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Magnifying Your Flaws - An article for scratch dj's

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  • Magnifying Your Flaws - An article for scratch dj's

    What's up everyone,

    I've got an article to share with you discussing why video recording yourself when you practice will allow you to gain a greater awareness of your flaws and what to do to improve those flaws. Enjoy!

    Magnifying Your Flaws
    <div class="signaturecontainer"><a href="http://kwotemusic.com/articles.html" target="_blank">Get free tips to improve your scratching!</a></div>

  • #2
    Hahahaha! That's cute, it's like you think you're actually creating music or something! "Nailing the song, not nailing the song...." it's already been nailed when the musicians recorded it, you're just playing the record of it.....

    Comment


    • #3
      Scratch DJ's are not real DJ's. Period.

      Comment


      • #4
        A real DJ is someone who lets the music speak for itself and not blabber through each song or scratch each and every song to death.

        Comment


        • #5
          Hahahaha! That's cute, it's like you think you're actually creating music or something! "Nailing the song, not nailing the song...." it's already been nailed when the musicians recorded it, you're just playing the record of it.....


          Spot on. He's been served.

          Comment


          • #6
            Proper DJs like Todd Terry, David Morales, Masters At Work actually created music as well as playing it. They are what would consider DJs.

            Comment


            • #7
              I got served?

              Whatever. I don't need to convince anyone who's not down with scratching what is and isn't musical. That's an old argument that got put to bed ages ago. Dj's that hate on scratching are only shooting themselves in the foot. Go back to playing with your controllers and be quiet.
              <div class="signaturecontainer"><a href="http://kwotemusic.com/articles.html" target="_blank">Get free tips to improve your scratching!</a></div>

              Comment


              • #8
                I got served?

                Whatever. I don't need to convince anyone who's not down with scratching what is and isn't musical. That's an old argument that got put to bed ages ago. Dj's that hate on scratching are only shooting themselves in the foot. Go back to playing with your controllers and be quiet.


                What a prize Muppet. Only dogs with fleas and cats with ticks should scratch. Go back to yo mummies basement and please be quiet.

                Comment


                • #9
                  Big up Kwote!

                  I'm a fan of the likes of Todd Terry and David Morales. They produced great tracks as well as being good DJs but I also have a huge amount of time for all the scratch DJs and Turntablists out there. Personally I find it rather funny that some peeps don't see it as musical. Of course you're more than entitled to your opinion though. If there's nothing to it and shouldn't be done then why are the DMC's and other DJ competitions of that ilk so popular? Why do high profile artists take decent scratch DJs on tour with them? Why are some scratch DJs even being used in Orchestras? Why is DJ Q-Bert so highly regarded in many circles? (Obviously not this one).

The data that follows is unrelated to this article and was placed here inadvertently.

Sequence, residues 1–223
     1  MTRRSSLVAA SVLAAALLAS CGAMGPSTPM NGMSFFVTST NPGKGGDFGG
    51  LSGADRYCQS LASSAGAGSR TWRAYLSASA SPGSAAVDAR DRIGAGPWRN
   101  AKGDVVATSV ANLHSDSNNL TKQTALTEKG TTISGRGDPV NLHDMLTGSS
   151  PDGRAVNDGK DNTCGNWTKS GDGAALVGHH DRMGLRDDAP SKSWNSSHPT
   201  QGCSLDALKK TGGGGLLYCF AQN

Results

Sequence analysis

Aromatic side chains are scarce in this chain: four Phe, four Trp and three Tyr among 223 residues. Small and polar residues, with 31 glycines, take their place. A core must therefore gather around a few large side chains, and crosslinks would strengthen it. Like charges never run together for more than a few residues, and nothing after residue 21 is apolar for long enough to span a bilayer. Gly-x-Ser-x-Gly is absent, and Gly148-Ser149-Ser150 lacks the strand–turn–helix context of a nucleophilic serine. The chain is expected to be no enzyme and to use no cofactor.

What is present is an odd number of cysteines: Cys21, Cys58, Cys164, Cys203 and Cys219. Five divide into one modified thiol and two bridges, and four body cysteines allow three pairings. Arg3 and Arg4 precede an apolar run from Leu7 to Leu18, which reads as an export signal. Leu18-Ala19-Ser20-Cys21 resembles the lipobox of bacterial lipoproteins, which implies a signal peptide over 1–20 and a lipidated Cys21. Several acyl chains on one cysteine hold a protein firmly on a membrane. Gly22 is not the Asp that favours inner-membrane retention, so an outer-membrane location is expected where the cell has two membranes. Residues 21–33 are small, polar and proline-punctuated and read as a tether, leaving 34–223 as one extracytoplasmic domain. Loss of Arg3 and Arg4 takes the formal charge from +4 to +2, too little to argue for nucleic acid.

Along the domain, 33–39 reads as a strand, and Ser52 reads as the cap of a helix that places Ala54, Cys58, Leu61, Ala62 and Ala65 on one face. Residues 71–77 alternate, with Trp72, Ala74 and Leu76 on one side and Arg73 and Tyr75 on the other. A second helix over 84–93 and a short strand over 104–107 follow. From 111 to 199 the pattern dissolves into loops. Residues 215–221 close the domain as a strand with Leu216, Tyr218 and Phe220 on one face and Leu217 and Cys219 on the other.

I agree that turntablism did get a bit too noodly at one point and sometimes it still does for me. Personally I feel that it should be as enjoyable to listen to as it is to watch (it is music at the end of the day) but then the likes of C2C came out and brought the musical element back to the art form, which was why they were so successful. I challenge anyone that says they're **************** DJs!

                  One of the best DJ sets I ever saw was Mixmaster Mike. Watch him perform live! Dude can mix, scratch, beat juggle and ignite a crowd into a frenzy. Sounds like many peeps here are impressed when a DJ can just mix and choose what tracks come on at the right time. Mixmaster Mike can do all that and more! If you're talking about creating music that's not DJing, that's production. I don't think you can judge how good a DJ is based on the tracks they produced. That's like saying Rick Rubin is a great DJ.

                  I'm not saying that simply having good judgement for which song to play next isn't enough. There are DJs that I respect that don't even mix but they have an excellent sense for playing to the crowd and knowing what songs to put on where and when. That doesn't make them any more or less a DJ than anyone else. I'm just saying that scratching well (and that includes not over doing it) is enjoyable and entertaining to listen to for many people and adds an addition expressive element to DJs that do it. Same with beat juggling.

                  What are you gonna do ban scratch DJs because you don't like it nor understand it? You Nazi's! Haha :P
                  <div class="signaturecontainer"><a href="http://lordlav.com" target="_blank">Lord Lav</a> is a rapper, producer and creator of the <a href="http://lordlav.com/lord-of-the-dead/" target="_blank">Zombie Apocalypse</a> Rap Album <a href="http://lordlav.com/lord-of-the-dead/" target="_blank">Lord of the Dead</a></div>

                  Comment


                  • #10
                    Good **************** Kwote. Sorry to hear about you getting "served"?
                    <div class="signaturecontainer">-----&gt;</div>

                    Comment


                    • #11
                      Hahahaha! That's cute, it's like you think you're actually creating music or something! "Nailing the song, not nailing the song...." it's already been nailed when the musicians recorded it, you're just playing the record of it.....